MPs told of lesbian Wren's rape ordeal

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A former Wren yesterday told how she was afraid to report she had been raped because her assailant threatened to reveal she was a lesbian and thus ensure her discharge from the Navy. Karen Greig, a Navy engineer, was one of a number of former service personnel giving evidence to MPs looking at the forces' ban on homosexuals.

She was first raped in 1987 and her attacker then blackmailed her. She got transferred but he tracked her down and raped her again. "I felt I could not go to the authorities. I felt I would be the one to be kicked out," she told the committee. In 1988 she confided in a senior officer. At first he was supportive but later said: "I think you are not coping with this rape because you are a lesbian."

Next day the Navy's Special Investigation Branch arrived. Ms Greig was detained and examined by a psychiatrist but her ordeal was only beginning. While that was taking place, her father visited the base unexpectedly. He was told she had been raped and suffered a breakdown. That made it even more difficult to cope, Ms Greig said, and she was discharged in February 1989, after which she spent four months in a psychiatric hospital in Aberdeen. "I can now say I am clearly on the road to recovery," she said. What they did and how they treated me was horrendous."

John Reid (Lab, Motherwell), said he was appalled by her story, one of several which highlighted difficulties faced by homosexuals in the forces. Although homosexuality ceased to be a criminal offence under military law in 1991, lesbians and gay men still face dismissal for homosexual orientation as well as homosexual conduct.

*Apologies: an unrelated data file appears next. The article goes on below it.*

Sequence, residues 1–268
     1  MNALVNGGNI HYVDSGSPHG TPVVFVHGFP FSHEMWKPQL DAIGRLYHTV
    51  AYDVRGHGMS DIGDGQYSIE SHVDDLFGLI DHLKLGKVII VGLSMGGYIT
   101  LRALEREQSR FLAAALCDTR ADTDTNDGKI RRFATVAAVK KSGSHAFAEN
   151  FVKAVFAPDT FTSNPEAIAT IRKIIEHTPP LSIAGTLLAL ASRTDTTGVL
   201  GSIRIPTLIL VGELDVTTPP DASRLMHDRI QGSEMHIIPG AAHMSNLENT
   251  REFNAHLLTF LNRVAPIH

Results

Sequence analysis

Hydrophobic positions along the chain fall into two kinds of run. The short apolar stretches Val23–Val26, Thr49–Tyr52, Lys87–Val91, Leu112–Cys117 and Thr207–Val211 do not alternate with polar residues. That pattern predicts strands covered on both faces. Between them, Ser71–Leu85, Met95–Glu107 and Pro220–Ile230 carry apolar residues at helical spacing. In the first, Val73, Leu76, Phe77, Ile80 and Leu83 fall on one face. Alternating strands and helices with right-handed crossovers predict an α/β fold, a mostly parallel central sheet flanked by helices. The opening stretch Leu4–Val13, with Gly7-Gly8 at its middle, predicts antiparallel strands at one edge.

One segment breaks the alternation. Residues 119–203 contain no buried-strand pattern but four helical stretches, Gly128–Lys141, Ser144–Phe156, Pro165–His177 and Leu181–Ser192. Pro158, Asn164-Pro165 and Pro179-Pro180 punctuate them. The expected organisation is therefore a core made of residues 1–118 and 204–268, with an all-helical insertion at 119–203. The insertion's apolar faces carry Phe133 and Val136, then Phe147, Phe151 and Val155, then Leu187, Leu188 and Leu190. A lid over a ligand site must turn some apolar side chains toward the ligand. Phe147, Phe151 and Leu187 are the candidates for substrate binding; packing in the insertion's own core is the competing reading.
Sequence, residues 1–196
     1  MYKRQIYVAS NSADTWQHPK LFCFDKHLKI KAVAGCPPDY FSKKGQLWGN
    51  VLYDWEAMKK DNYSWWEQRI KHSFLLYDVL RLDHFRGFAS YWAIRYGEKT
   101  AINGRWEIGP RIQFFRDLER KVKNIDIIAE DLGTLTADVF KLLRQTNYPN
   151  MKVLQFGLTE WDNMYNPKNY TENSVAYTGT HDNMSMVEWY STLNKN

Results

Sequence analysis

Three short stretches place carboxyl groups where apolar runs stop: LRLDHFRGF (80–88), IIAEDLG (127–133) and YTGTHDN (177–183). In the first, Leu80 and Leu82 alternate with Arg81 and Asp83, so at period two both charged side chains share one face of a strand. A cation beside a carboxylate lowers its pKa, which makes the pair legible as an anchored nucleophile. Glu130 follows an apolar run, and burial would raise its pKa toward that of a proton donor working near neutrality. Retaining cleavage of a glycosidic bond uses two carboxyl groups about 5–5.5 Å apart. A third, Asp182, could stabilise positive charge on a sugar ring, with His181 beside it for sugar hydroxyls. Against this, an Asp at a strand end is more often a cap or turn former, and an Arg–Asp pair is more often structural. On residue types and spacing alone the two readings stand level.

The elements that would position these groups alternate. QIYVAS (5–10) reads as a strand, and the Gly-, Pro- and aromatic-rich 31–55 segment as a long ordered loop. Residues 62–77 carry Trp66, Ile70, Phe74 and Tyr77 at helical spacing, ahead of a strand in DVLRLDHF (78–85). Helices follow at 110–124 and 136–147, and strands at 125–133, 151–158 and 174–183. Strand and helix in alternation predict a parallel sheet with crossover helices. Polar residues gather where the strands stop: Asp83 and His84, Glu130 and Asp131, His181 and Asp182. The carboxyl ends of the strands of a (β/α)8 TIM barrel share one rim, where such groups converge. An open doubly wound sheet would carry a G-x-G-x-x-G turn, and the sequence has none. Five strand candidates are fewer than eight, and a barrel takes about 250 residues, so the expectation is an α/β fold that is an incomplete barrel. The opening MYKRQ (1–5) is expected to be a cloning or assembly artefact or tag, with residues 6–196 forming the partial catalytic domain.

The lack of confidential counselling for anyone "coming out" was a big problem, the MPs heard. Medical officers had to report anyone who showed any indication of homosexuality.

Only chaplains, who served under different conditions, could maintain confidentiality, although some did not, according to the Rev Niall Johnstone, a former army chaplain dismissed from the forces.

He said he knew that a number of chaplains had been pressed by commanding officers to divulge confidential information, although Army rules say "the obligation to respect a confidence does not change when a clergyman holds a commission as a chaplain in the Army, for in this area a chaplain remains subject to ecclesiastical jurisdiction".

Medical officers, on the other hand, are responsible for the fighting efficiency of a unit, hold military rank and are not subject to the same rules of confidentiality as civilian doctors.

Robert Hayward, a statistician with the Stonewall gay- rights group, said the recent MoD report on changing the rules on homosexuality in the armed forces was biased, not done correctly and statistically invalid. Stonewall said it merely attempted to justify the status quo, under which homosexuals are automatically discharged from the forces.

The MPs were also told the MoD was wrong to say the forces were overwhelmingly against lifting the ban on homosexuals, although there was still "significant prejudice" against them in the forces.